Child Care Expenses
One or both parents may be ordered by the court to contribute to the reasonable child care expenses of the child or children. These include "actual expenses reasonably necessary to enable a parent or non-parent custodian to be employed, to attend educational or vocational training programs to improve employment opportunities, or to search for employment," in addition to "deposits for securing placement in a child care program, the cost of before and after school care, and camps when school is not in session."
Based on this, daycare costs, the cost of care during summer months, or expenses brought on by similar child care services may be included in child support payments and will be allowed to prevent harming the employment potential custodial parent. Any special circumstances that may require additional child care needs must be considered when determining the actual child care expenses.
The amount of child care expenses must be enough to secure reasonable and necessary child care and will be allocated proportionately based on the percentage share of the combined income of each parent. Using all of this information, the court will then determine the child care expense obligations of each parent.
A part of the basic child support financial obligation is meant for standard medical costs including insurance deductibles and copayments. The court may order one or both parents to supply health insurance coverage for the child or children "through currently effective health insurance policies held by the parent or parents, purchase one or more or all heath, dental, or vision insurance policies for the child, or provide for the child's current and future medical needs through some other manner..." as it sees fit.
To meet these criteria the court may order child support obligations to provide access to health insurance either by covering the cost or by adding the child under their own active insurance plan. Any medical expenses not covered by health insurance but considered reasonable health care needs may be required to be covered by either or both parents, including "unreimbursed medical, dental, orthodontic, or vision expenses and any prescription medication for the child not covered under the child's health insurance." These expenses accrued outside the basic health care insurance provided are viewed and accounted for separately, and it lies with the court to decide how the out-of-pocket medical costs will be covered.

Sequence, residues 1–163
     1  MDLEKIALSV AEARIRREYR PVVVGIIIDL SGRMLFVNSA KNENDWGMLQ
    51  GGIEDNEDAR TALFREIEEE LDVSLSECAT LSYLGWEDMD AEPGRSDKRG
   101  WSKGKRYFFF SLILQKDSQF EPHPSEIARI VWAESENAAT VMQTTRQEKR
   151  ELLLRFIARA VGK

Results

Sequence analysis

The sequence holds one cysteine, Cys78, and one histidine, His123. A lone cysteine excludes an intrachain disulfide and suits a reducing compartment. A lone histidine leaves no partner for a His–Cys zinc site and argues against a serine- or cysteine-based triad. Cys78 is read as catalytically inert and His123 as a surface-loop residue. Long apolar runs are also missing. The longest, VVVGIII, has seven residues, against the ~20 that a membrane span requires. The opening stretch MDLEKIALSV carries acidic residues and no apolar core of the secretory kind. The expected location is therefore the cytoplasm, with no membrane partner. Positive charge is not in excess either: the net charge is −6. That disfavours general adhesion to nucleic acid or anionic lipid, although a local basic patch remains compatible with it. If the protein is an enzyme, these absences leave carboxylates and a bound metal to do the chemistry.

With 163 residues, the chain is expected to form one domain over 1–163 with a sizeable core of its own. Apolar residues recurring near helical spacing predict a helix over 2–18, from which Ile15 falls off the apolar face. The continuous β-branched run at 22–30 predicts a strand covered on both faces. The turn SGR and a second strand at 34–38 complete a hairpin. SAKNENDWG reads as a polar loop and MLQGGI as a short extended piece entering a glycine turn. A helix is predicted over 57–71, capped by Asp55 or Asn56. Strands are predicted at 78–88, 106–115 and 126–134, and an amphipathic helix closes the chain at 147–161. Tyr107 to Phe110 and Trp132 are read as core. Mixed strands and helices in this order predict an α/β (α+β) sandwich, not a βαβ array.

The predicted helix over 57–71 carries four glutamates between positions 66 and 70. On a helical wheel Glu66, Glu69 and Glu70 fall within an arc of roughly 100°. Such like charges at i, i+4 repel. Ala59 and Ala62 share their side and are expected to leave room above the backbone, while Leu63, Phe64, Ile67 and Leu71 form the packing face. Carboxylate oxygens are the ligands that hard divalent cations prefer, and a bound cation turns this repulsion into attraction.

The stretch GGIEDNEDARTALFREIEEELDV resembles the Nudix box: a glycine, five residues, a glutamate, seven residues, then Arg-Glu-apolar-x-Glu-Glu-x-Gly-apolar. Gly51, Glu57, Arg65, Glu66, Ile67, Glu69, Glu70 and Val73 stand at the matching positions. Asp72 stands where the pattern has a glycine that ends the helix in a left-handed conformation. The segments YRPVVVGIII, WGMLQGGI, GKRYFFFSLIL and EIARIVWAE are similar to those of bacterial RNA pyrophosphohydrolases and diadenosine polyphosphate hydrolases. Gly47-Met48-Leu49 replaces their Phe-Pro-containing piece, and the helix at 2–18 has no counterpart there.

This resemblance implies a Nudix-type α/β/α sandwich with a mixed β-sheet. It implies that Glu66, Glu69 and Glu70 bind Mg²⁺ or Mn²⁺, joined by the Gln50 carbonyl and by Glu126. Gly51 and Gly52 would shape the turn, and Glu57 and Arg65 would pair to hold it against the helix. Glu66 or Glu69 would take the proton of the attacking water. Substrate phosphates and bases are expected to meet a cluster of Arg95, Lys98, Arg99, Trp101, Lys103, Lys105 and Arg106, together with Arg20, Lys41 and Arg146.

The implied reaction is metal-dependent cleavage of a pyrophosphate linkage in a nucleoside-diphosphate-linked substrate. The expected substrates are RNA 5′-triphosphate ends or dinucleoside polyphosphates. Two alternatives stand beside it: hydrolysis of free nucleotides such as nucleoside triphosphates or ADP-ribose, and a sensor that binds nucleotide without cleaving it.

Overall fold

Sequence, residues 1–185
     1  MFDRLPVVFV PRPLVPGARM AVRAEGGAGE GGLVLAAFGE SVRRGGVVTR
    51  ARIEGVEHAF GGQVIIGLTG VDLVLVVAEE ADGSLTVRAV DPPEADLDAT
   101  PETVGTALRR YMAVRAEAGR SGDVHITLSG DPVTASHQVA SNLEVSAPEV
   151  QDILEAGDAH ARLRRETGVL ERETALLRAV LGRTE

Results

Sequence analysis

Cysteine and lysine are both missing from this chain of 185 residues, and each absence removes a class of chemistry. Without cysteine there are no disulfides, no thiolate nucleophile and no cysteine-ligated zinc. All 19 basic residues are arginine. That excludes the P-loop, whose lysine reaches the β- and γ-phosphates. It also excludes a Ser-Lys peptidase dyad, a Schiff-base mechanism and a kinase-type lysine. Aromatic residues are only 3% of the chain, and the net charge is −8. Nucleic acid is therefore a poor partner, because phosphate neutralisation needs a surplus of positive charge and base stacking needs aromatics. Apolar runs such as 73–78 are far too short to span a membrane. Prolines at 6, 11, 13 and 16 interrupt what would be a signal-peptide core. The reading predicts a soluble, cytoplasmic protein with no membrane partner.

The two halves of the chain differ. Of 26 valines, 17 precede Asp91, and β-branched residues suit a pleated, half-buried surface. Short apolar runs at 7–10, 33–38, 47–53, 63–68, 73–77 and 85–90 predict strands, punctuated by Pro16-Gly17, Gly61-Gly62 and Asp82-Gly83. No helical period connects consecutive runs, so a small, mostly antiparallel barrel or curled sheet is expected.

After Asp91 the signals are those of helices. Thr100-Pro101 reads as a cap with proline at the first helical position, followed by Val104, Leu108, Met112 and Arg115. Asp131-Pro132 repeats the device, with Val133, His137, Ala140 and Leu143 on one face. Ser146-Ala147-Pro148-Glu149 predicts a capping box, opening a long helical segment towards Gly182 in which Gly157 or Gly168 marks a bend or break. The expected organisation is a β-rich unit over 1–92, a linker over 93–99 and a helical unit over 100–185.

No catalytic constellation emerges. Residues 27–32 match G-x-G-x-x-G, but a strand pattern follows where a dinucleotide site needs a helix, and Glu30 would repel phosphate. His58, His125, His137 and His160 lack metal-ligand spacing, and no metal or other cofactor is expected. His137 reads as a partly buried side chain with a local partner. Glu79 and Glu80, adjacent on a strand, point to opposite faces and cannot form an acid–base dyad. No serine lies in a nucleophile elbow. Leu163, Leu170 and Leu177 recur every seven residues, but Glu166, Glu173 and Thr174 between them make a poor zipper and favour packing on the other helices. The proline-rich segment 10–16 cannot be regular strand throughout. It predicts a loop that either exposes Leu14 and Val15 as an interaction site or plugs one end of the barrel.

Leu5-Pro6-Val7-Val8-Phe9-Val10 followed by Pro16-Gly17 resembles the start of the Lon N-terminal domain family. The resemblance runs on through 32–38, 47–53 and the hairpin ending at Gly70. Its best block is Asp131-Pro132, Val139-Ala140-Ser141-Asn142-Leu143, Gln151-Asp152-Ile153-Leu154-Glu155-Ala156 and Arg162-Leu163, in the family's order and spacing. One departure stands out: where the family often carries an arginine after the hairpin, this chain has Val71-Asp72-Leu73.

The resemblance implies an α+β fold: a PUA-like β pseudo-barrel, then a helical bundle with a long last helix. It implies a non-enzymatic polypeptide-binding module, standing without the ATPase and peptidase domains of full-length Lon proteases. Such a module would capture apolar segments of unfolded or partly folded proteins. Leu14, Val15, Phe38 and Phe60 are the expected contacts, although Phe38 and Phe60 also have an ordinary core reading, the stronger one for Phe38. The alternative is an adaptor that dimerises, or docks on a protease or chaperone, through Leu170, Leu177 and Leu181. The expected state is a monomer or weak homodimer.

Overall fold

Contact Our Firm to Learn More About Illinois Child Support
Ensuring that parents fulfill their child-rearing duties by setting the appropriate amount of child support is a critical step. Guidelines for child support in Illinois help fulfill that goal. You may need assistance understanding how these guidelines work. If you are a parent looking to get advice on child support obligations you may face, contact the legal professionals at Ktenas Law. You can schedule a free consultation with the team at our family law firm in Chicago today by calling (312) 756-8652.